Late last year, I travelled to incredible India to film a documentary.
I had for some time wanted to showcase not only the beauty, but also the real needs that exist over there. Those needs are sometimes hard to comprehend to us who live in a country that is so well off. I well remember the culture shock when I first went over there some 20 years ago. I clearly remember my thoughts as I sat in the plane, anticipating my return to Australia. I felt so guilty and angry at the same time. You may be wondering why I felt that way?
The feelings of guilt came as I realized how incredibly well off we were as a family in comparison to what I saw and experienced in India. We were living in Hervey Bay at the time, had built a beautiful home where we lived with our four children. We had a nice car and I also had a Kawasaki GPZ1000 that I looked so awesome on! Hervey Bay is a beautiful city close to the beach, and is now a tourist destination with tasty food festivals, breathtaking whale watching and great fishing.
I was angry with myself (and others) because we often complain about how difficult life is sometimes. Yet we have all the conveniences at our doorstep! In comparison to other countries, we are so well off! I clearly saw for the first time, that we are the ‘haves’ and people in India are the ‘have nots’…and we can help to make a difference for them.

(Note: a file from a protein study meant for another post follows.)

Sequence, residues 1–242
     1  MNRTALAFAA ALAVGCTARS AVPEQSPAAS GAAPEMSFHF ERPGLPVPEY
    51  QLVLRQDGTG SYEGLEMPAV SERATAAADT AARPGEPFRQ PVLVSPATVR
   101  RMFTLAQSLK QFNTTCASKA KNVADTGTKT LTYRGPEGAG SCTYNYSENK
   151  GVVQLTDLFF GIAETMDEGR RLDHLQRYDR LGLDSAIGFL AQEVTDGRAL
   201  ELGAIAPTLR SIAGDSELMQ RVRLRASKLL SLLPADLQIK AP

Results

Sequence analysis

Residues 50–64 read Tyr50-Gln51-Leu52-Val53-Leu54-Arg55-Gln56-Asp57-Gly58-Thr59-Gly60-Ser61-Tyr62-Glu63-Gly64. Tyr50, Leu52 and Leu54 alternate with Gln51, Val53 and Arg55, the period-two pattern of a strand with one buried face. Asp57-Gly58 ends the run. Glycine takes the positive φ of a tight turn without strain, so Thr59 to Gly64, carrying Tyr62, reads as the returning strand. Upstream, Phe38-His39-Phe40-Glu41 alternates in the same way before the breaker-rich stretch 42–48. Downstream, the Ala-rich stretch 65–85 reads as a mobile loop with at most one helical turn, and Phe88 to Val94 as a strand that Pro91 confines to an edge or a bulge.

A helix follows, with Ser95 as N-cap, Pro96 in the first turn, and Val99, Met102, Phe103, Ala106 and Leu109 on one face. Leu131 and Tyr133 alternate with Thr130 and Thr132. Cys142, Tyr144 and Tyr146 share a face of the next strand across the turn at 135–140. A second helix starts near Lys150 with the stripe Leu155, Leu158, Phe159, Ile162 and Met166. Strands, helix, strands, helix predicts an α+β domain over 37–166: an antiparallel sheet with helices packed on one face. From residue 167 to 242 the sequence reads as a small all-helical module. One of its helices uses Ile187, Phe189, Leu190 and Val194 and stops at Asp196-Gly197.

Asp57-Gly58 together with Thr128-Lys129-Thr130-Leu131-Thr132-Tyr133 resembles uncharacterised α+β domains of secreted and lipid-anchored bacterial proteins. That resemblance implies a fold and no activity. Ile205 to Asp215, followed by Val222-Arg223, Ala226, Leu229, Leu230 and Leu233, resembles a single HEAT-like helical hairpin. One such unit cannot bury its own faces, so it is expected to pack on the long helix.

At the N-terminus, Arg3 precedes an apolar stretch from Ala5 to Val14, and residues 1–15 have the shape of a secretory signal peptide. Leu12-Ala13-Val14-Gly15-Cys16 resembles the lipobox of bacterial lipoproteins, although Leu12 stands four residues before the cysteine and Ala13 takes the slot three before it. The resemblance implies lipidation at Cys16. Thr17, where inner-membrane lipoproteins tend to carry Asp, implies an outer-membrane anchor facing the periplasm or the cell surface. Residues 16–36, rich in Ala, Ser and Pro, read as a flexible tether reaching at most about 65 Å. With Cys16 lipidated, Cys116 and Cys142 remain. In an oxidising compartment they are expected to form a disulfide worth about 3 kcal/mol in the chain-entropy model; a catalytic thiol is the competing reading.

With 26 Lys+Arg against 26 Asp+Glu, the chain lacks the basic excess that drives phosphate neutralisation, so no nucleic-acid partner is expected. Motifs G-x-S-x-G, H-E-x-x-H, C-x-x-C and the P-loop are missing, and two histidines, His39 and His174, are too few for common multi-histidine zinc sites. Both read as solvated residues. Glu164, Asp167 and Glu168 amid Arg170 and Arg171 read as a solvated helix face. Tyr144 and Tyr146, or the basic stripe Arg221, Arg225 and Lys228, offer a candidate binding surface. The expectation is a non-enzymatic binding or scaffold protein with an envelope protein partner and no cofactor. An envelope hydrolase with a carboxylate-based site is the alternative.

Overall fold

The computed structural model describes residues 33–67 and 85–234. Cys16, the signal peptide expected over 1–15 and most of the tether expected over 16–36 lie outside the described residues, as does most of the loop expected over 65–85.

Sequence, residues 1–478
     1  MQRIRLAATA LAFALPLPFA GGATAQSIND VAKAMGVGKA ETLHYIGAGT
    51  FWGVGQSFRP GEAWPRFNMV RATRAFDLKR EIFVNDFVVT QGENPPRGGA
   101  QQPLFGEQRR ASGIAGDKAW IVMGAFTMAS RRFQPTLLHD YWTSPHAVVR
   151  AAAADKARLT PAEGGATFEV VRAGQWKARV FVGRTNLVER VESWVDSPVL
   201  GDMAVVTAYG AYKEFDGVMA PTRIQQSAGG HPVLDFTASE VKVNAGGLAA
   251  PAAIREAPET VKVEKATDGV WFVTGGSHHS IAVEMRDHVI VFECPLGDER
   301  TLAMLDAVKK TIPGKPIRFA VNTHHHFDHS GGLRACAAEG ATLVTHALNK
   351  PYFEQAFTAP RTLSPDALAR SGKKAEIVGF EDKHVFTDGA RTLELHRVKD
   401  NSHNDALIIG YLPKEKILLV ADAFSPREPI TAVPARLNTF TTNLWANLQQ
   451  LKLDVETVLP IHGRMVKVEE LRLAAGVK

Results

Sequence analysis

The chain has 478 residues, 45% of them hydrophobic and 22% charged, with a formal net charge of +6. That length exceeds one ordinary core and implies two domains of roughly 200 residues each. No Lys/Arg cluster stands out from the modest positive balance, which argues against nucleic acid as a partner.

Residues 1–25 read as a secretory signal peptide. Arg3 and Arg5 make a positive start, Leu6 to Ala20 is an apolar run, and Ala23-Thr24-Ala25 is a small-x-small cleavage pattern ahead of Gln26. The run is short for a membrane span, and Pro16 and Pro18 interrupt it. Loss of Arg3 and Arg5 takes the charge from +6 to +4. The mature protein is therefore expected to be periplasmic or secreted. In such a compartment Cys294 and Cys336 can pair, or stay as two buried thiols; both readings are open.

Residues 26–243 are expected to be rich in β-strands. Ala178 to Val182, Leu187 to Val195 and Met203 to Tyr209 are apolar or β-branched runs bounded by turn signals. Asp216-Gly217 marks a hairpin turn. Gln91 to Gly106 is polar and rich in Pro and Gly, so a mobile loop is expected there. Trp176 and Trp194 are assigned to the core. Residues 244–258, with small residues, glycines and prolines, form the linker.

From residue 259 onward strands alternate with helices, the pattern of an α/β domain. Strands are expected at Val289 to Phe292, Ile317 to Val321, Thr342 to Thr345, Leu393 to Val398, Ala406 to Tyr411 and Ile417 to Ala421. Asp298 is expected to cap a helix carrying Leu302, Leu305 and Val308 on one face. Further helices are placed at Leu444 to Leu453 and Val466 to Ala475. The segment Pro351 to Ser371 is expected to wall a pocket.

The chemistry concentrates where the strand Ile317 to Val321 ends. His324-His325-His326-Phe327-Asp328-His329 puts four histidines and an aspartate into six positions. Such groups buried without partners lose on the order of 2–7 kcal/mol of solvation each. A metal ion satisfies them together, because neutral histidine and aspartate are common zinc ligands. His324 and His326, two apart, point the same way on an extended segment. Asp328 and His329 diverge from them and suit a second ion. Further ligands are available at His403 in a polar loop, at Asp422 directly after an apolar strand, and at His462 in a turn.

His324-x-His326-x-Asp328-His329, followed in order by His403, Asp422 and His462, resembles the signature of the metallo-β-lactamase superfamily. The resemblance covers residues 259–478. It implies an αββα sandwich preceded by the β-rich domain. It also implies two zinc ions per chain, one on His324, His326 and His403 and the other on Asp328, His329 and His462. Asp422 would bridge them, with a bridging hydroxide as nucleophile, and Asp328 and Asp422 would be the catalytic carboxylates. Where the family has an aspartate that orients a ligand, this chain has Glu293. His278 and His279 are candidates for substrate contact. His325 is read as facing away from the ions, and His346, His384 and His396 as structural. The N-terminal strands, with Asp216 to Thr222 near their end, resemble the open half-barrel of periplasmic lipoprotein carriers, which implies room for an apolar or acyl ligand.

The first thing I did when I got home was to sell the bike. I gave the money to the various projects that you will see in this documentary. Since 1999 we have personally given thousands of dollars as well as raising hundreds of thousands of dollars by making people aware of not only the needs in India, but also what is being done to make a positive difference in people’s lives. And that is what this documentary is all about.
So in December 2018, we travelled throughout India from the bustling cities like Delhi and Mumbai, to the mighty Ganges river at Varanasi – where the Hindu holy men come to pay homage to their gods and drink the water (which would most likely literally kill us because of decomposing bodies that float there at times). From there we travelled to the quiet villages in Gujarat and Rajasthan, where people live either in straw huts with the walls and floor ‘cemented’ with a mixture of cow dung and mud, or little brick buildings. The countryside is littered with kilns that make those bricks. We travelled to the beautiful evergreen state of Kerala in the south of India – lush, green, warm and inviting. We spent an afternoon on a houseboat gliding through the breathtaking backwaters.
In the documentary you will see the people in need, but also what is being done to change their lives. The main person speaking is Rev. Dr. R. Abraham, a person I have known for close to 30 years. You will see and hear about orphans that are being rescued, schools that are being built and destitute women who are taught to sew, so they can make a living for themselves. You will see and hear about the thousands of churches throughout that nation.
To find out more about India and how you can personally make a difference there, please visit https://www.christforindia.in